Firefighters stymie fast-moving blaze: Training pays off in apartment complex fire
Training pays off in apartment complex fire
December 11, 2007
By Andrew A. Sanojca
A fast-moving fire that started in an area where demolition and construction work had taken place in the parking garage of a seven-storey apartment complex put firefighters’ training to the test. Ultimately, training for this type of a fire altered firefighters’ responses to the incident.
The Saint John Fire Department in New Brunswick got the call at 2:12 p.m. on Dec. 6 for a possible structure fire. The 58-unit building at 15 Mecklenburg St. was made of concrete with a centre core and had no sprinkler system.
On arrival within three minutes, Engine 1 was informed by a building worker that the fire was in the ground-level parking garage. District Chief Eric Garland assumed command and had the crew of Engine 1 advance a 45 mm pre-connect towards the fire.
The crew of Quint 5 was ordered to advance a back-up line into the garage to assist Engine 1 and the crew of Engine 4 was assigned to check for fire on the second floor. Rescue 5 was assigned to search the building to ensure everyone was out.
“Crews were forced to take a very aggressive attitude to fire attack and evacuation due to the fact this was a high-occupancy building,” Garland said.
Once the fire was knocked down, the officer of Engine 1 reported to command that the fire may have extended up into the building through the utility chase.
“The premise of extinguishment of this fire was relative to an understanding of fire behaviour and consequent fire travel,” Garland said.
This training led Garland to re-assign Engine 1 to the top floor to check for fire extension, while the crew of Quint 5 was re-assigned to the same task on the third floor. These crews re-entered the building with high-rise packs to make use of the building’s standpipe system if required, and the crew of Engine 1 got the thermal imaging camera from the command unit.
The crew of Engine 1 arrived on the seventh floor and reported smoke in the hallway. They proceeded to the D-A corner of the building and forced their way into an apartment. The thermal imaging camera detected heat in the corner where the utility void was located and the crew opened up the wall. Water was dumped down the void to try to stop the vertical extension of fire.
All crews reported to command that they were encountering smoke on the floors they were operating on. Faced with these conditions, command asked the Public Safety Communications Centre to dispatch an additional engine. On arrival, the crew of Engine 6 helped the driver of Engine 1 connect to the building’s standpipe system to supplement the water pressure.
The crew of Rescue 5, which had been searching the building, did not find anybody inside but they encountered heavy fire on the fifth floor. The crew of Engine 6 advanced a handline up the ladder of Quint 5 to a fifth floor balcony. The handline was used to extinguish the fire that was burning in a large utility closet in the front corner of the building. The line was then advanced through a sixth-floor apartment window from the Quint to extinguish a small fire on that floor. Crews encountered fire on all floors except the seventh.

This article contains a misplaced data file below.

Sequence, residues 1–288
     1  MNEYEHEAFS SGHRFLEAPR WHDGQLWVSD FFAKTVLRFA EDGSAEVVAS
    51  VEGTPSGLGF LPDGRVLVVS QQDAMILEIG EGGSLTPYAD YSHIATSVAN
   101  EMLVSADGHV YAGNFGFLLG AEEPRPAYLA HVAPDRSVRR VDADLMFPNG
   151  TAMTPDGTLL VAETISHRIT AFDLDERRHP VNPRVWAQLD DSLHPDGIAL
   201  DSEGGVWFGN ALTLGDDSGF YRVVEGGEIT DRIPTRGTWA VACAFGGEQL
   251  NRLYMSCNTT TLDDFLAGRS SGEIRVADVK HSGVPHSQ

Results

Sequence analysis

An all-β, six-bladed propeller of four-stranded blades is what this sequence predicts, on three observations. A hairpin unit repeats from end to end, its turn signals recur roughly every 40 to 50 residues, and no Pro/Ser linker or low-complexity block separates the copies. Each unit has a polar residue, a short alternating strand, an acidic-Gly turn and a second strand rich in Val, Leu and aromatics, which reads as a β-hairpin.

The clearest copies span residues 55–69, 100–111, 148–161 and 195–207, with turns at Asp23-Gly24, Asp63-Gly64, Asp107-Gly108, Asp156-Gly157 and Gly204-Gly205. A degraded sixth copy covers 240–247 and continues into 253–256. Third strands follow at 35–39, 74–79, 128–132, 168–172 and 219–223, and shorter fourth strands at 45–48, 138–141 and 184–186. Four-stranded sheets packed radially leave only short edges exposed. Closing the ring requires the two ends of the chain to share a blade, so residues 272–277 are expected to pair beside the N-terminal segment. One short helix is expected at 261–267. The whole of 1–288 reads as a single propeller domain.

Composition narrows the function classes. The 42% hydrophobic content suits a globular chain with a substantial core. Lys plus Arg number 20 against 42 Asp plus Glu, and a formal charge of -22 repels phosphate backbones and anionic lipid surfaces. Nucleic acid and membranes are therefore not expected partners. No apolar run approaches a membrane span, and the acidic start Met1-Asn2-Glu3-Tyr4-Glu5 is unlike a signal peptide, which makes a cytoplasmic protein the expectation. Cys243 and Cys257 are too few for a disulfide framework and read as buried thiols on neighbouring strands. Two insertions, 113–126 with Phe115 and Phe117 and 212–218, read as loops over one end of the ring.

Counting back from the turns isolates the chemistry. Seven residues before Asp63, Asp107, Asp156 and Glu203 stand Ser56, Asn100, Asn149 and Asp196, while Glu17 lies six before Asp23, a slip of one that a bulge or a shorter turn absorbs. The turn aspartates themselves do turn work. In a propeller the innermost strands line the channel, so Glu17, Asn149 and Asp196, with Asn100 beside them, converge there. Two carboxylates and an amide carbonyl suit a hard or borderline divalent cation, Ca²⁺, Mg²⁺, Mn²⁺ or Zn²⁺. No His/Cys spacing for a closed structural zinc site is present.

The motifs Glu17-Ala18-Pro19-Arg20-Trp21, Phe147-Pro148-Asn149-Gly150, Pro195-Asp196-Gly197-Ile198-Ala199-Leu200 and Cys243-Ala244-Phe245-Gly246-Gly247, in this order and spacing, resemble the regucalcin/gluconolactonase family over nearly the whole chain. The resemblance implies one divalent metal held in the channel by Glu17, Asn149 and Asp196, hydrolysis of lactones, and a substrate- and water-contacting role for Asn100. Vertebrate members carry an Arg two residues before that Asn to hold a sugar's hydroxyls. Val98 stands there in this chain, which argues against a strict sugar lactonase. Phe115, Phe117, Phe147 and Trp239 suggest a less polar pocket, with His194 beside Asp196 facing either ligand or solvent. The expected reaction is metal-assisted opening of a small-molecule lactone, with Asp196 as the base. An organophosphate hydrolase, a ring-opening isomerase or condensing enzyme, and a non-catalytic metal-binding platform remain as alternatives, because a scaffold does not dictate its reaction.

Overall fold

Fire damage was confined to the utility corridor with the exception of the fifth floor, where the fire took hold in a utility closet, causing some damage to the apartment. Because smoke conditions were encountered on all floors, several doors were forced by firefighters during the primary search before a master key was obtained from the building manager and used during the secondary search.
While the fires were extinguished quickly, there was smoke damage throughout the building.
Residents weren’t allow to re-enter the building but were taken to another building operated by the property owner, Killam Properties.
Two firefighters suffered minor injuries and were treated at the scene. There were no other injuries. The Fire Prevention and Investigation unit of the fire department began their investigation as soon as the fire was extinguished. The cause of the fire has not been released.
Most residents were allowed to return to their apartments the following day.
The Saint John Fire Department was formed in 1786 and operates six engine companies, a quint, a ladder truck, one rescue/pumper and two tankers from seven fire stations under the direction of Fire Chief Rob Simonds. The department also operates a hazmat unit, brush unit and rescue boat with on-duty staff as required. Daily operations are supervised by one operations district chief, assisted by an administration district chief as required. The city includes urban and rural housing, Canada’s largest oil refinery, a port, several paper mills and other heavy and light industrial complexes. There are 38 full-time firefighters per shift working a two days, two nights, four day off rotation. In 2006 the department responded to 6,974 calls.
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